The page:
1. Learn – Learn as much as you can about history, the rest of the world, people different from yourself. Learn from members of different communities. Try to see life through other people’s eyes. Try to understand how they experience things. Go outside of your comfort zone to experience new things. You are lucky, you have many college campuses in town and community organizations that host many different cultural events, talks, movies, musical performances, plays, and more. Attend some of those functions. We all have to reach outside of ourselves and our comfort zones to expand our thinking.
  2. Keep an open mind and heart. If your mind is open, then there are no limits to what you can do and where you can go. Try to see the world with a sense of wonder, excitement, and curiosity. Open your heart. Have compassion for others whose experiences you might not understand.
  3. Listen with intensity. Sometimes we need to just be silent and listen, listen intently to people, without thinking of our response, without interrupting with some piece of conversation, we have to listen. This type of listening is about being present in the moment, it is hard to do, and each time you practice it, you will get better at doing it.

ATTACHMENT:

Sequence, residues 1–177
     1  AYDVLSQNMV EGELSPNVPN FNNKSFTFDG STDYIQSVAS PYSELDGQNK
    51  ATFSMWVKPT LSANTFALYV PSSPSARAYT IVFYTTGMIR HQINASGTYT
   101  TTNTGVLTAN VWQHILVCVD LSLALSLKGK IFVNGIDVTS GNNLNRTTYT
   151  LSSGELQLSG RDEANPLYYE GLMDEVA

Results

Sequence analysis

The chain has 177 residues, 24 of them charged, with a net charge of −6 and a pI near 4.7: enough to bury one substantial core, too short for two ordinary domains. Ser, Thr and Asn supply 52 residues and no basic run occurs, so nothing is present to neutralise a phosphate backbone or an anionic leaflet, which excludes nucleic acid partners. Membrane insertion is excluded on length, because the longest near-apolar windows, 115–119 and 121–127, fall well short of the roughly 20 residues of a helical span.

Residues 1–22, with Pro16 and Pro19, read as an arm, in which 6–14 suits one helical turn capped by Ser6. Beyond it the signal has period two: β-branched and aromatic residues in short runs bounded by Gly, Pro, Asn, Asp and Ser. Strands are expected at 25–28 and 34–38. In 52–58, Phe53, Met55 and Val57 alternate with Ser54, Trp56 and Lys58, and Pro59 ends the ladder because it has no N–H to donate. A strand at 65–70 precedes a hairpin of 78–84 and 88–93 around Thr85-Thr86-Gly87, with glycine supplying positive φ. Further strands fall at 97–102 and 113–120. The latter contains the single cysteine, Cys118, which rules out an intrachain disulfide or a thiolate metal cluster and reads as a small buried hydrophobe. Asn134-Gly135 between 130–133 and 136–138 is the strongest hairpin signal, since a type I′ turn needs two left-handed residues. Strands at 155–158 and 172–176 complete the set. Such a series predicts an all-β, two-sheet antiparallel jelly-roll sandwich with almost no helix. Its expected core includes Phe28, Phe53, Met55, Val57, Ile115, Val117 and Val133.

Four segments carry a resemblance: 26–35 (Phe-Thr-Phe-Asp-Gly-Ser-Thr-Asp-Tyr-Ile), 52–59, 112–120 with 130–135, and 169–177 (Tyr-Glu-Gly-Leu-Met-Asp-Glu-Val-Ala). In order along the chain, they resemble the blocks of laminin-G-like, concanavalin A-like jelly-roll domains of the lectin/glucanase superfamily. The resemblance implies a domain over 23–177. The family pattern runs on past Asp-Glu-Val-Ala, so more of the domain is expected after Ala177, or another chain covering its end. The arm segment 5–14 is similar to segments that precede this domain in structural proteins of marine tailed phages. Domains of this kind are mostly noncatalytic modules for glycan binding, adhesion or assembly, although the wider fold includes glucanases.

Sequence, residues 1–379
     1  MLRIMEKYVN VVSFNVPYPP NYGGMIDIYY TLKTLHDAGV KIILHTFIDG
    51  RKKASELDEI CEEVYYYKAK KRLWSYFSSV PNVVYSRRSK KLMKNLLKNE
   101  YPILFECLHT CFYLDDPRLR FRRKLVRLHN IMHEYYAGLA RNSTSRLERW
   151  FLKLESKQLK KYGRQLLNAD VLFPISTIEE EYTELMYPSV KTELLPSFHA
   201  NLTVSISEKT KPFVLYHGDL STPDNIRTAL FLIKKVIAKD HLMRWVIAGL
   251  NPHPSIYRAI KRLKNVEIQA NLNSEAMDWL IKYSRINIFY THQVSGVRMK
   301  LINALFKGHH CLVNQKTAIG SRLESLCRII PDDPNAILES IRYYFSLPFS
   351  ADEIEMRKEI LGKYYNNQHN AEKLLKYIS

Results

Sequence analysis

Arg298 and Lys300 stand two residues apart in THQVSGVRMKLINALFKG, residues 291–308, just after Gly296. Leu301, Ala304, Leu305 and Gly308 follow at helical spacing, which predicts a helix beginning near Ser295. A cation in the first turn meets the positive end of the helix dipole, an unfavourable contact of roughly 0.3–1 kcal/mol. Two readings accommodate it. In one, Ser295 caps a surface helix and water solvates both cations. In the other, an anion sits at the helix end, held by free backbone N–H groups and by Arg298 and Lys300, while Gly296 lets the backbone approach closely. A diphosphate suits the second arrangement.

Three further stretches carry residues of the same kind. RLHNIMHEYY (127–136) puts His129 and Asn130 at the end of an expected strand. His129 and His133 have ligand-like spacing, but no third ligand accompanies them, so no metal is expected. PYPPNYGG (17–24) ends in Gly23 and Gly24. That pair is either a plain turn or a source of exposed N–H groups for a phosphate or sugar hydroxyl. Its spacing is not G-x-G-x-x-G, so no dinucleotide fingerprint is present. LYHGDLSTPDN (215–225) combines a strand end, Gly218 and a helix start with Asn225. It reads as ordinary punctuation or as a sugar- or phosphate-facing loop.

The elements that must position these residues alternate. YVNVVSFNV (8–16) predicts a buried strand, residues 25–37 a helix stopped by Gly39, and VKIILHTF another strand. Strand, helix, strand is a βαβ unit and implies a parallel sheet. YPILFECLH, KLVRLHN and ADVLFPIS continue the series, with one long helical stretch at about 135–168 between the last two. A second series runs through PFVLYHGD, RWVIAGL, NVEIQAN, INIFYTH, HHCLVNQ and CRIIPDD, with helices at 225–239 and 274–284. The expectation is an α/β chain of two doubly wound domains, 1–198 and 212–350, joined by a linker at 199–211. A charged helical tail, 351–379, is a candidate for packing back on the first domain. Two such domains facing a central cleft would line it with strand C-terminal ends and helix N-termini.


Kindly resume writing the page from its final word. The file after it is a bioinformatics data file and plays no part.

4. Stand up and speak out against injustice. Just like I know many of you have stood up to someone picking on a classmate, a sibling, or a friend, you must carry this attentiveness with you throughout your lives and always be ready to stand up and speak out. When we stop standing up and speaking out, our moral and spiritual genius begins to fade. We are our brother’s and sister’s keepers. What we want for ourselves, we must want for them as well.
  5. Approach all that you do with love in your heart. If you hold love in your heart as you do your work, as you meet new people, as you experience new things – you will go further than you can dream. Love lifts others and by lifting others, you too are lifted. Love creates space where none existed before. Love breaks down barriers and allows bridges to be built. And finally, with love in your heart, the choices you make will be made for useful reasons.

Dr. King believed in the power of love, “darkness cannot drive out darkness, only light can do that; hate cannot drive out hate, only love can do that.” In his Nobel Prize acceptance speech, he said, “Sooner or later all the people of the world will have to discover a way to live together in peace, and thereby transform this pending cosmic elegy into a creative psalm of brotherhood. If this is to be achieved, man must evolve for all human conflict a method which rejects revenge, aggression and retaliation. The foundation of such a method is love.”

Through love, we honor the people who gave everything to win civil rights and liberties for all of us and ensure these rights and liberties are here for the next generation.